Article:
[Marxism] HAARETZ review of Walt/Mearsheimer

Walter Lippmann walterlx at earthlink.net
Mon Oct 1 10:46:13 MDT 2007

Last update - 10:34 25/09/2007  	 	 	
On the way to a pariah state
By Carlo Strenger


Henry Kissinger used to say that Israel has no foreign policy, only
internal politics. Listening to our politicians, you often indeed
wonder whether any of them has any long-term strategy. Given that
every Israeli politician is supposed to care for Israel's long-term
survival, it is stunning to see that an important event in the U.S.
with enormous implications for Israel has gone all but unnoticed

Eighteen months ago, two senior political scientists, Stephen M. Walt
and John J. Mearsheimer, from Harvard and the University of Chicago,
respectively, published a paper claiming that U.S. Middle Eastern
policy, including the misguided Iraq war and its unqualified support
for Israel over the last decades, has run counter to true U.S.
interests. They blame the influence of the Israel Lobby for this.

The paper generated a lot of commotion in Jewish circles in the U.S.,
but surprisingly, has been disregarded in Israel. W&M have now
published The Israel Lobby and U.S. Foreign Policy as a book. Their
conclusion: the U.S. needs to start relating to Israel like any other
country, and no longer see a special ally in us, because the close
relation with Israel harms U.S. interests.

W&M paint Israel as a rogue state that does not abide by
international law, and is not up to the standards expected of a
Western state. The subtext is clear: Israel is just another
problematic Middle Eastern country, and should be treated as such -
and the number of policy makers and opinion leaders who think this
way is growing.

My concern here is not with the question whether W&M are right in the
details of their analysis of the power of the Israel Lobby. My point
is that their anti-Israeli stance is the tip of a growing iceberg
that is simply disregarded by Israel's decision makers. Dismissing
W&M as a fringe phenomenon is shortsighted, because it does not take
into account a consistent development over the last few years.

It is something of a consensus that the confrontation with Political
Islam has become the Western world's No. 1 geopolitical problem. This
is generally called the "Clash of Civilizations," following Samuel
Huntington and Bernard Lewis. A growing number of decision makers in
Europe and the U.S. think that Israel, while not necessarily the main
cause for the rise of Political Islam, has become a symbol around
which Islamist extremism coalesces - and there is good evidence for
this. Watch any Jihadist Web site, even if run from Pakistan, and you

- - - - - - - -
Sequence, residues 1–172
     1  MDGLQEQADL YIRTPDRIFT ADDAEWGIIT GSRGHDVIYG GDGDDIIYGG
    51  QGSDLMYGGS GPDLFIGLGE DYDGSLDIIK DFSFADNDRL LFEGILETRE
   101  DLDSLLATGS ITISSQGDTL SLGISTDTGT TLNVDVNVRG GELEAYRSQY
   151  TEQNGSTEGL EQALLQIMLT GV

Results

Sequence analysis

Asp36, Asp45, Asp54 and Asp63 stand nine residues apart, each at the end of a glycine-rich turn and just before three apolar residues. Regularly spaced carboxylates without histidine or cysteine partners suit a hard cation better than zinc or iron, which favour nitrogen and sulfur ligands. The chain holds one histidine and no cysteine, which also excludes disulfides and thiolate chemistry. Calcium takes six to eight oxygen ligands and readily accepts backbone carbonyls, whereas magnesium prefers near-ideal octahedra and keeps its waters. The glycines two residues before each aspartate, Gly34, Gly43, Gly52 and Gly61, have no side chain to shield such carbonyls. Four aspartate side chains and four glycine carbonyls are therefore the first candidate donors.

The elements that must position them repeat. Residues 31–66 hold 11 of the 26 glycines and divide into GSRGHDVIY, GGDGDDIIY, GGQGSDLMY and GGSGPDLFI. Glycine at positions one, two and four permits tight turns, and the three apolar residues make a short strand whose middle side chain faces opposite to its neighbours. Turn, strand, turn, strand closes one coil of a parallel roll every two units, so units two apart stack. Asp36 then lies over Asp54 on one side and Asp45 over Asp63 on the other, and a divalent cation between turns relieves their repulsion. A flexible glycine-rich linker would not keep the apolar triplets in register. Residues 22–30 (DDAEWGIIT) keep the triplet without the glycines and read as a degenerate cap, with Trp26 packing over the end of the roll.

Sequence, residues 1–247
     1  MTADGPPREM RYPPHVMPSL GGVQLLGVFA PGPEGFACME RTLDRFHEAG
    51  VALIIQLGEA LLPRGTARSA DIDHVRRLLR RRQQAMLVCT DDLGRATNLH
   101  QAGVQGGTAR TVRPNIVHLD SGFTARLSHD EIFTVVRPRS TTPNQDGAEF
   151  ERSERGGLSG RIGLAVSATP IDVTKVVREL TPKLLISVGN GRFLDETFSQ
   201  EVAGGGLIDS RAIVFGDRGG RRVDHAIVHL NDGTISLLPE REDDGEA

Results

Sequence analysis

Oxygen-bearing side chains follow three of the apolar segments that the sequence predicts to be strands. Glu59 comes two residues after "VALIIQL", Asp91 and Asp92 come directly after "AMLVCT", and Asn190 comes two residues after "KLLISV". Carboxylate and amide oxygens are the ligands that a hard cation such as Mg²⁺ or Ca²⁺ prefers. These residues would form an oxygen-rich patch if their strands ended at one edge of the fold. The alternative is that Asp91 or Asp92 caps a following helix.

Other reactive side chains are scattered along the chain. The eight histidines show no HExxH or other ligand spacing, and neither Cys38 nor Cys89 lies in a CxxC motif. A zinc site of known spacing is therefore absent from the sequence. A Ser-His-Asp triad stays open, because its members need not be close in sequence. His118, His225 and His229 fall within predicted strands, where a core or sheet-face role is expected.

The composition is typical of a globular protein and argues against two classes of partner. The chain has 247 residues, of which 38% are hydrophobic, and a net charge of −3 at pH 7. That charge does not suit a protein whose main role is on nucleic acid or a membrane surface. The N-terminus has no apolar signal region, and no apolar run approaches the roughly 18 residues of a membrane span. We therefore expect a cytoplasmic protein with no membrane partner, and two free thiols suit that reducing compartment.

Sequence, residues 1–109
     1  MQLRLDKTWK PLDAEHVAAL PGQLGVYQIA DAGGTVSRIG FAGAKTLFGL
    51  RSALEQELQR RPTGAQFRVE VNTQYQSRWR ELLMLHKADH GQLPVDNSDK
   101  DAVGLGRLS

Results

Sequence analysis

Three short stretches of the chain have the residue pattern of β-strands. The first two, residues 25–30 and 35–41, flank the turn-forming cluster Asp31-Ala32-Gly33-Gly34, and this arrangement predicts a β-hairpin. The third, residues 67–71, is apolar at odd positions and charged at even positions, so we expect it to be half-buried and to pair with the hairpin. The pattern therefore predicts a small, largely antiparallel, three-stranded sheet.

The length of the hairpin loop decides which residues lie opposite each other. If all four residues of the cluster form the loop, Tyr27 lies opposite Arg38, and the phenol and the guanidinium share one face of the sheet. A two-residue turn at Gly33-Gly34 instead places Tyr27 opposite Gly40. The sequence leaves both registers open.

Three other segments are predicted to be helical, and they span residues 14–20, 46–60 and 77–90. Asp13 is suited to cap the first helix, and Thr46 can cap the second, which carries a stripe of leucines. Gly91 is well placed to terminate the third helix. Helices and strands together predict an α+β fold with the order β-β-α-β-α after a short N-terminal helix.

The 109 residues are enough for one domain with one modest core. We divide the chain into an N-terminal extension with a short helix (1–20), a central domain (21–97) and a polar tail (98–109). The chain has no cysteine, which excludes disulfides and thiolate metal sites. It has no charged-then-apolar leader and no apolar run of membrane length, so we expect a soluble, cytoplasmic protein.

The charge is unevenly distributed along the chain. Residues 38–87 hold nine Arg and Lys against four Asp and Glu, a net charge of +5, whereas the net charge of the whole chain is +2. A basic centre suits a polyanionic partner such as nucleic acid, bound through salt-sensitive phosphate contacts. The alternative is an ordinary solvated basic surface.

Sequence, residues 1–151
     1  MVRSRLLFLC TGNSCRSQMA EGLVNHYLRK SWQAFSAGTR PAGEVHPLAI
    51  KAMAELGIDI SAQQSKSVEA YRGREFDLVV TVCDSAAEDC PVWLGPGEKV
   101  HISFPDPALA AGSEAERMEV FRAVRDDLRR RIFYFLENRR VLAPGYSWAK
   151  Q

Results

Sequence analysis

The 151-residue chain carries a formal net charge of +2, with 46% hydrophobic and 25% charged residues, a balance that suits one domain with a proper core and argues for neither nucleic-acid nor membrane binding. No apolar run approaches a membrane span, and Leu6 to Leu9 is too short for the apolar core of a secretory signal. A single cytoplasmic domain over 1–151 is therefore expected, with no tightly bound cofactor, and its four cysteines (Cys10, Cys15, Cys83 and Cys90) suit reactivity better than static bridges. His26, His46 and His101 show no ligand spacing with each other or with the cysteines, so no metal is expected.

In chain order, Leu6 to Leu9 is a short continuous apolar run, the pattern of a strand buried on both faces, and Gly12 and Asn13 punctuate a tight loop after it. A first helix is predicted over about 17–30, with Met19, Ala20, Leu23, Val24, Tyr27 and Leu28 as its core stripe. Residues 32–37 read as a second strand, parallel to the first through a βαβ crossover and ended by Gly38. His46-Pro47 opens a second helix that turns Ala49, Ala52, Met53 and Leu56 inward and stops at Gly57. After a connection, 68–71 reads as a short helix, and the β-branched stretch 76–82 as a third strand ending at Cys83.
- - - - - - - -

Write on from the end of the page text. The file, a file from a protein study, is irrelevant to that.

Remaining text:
will find that images from the West Bank are the core of their

Israel's way of dealing with the Palestinians and Lebanon in the last
few decades has led to a long-term process in which the Western world
is beginning to see Israel as a pariah state that has no true
affinity to Western values. Hence, it is not on the 'right' side of
the clash of civilizations, as was reflected in the French ambassador
to Britain calling Israel "that shitty little country" not long ago.

This development is consistently disregarded by Israeli decision
makers. Short-term political bickering is on their minds more than
the survival of Israel, which in theory is their main goal. Any
criticism of Israel's policies is dismissed as an expression of the
New Anti-Semitism. The proof often provided is that we are not judged
by the same standard as our neighbors: "Jordan, Syria, Iraq and Saudi
Arabia can get away with inhuman behavior a lot worse than ours," the
argument runs.

My point is simple: the day we are no longer judged by the standards
of the West is the beginning of Israel's end, because it means that
the West has decided we are no longer part of it, and hence will not
be committed to Israel's existence. The day may come when Israel
will, as W&M suggest, be seen as just another troublesome country
that destabilizes the world.

Behaving in a manner befitting the standards of the Western world is
far more important for Israel's long-term survival than gaining a few
square miles here and there, by building the security wall through
Palestinian territories, tearing apart villages, homes and schools,
and expanding settlements. Every such act is not just a moral
outrage; it pushes Israel one step closer to being disqualified from
belonging to the West.

My argument is not just about being loved by the world - though this
factor must not be dismissed. Many of us believe that Israel's moral
fiber has been fatally harmed by the occupation and by the two
Lebanon wars. The result is that both morally and strategically, the
continued occupation and subjugation of the Palestinian people has
put us on the wrong side of history.

The writer is professor of Psychology at Tel Aviv University, and a
member of the Permanent Monitoring Panel on Terrorism of the World
Federation of Scientists.

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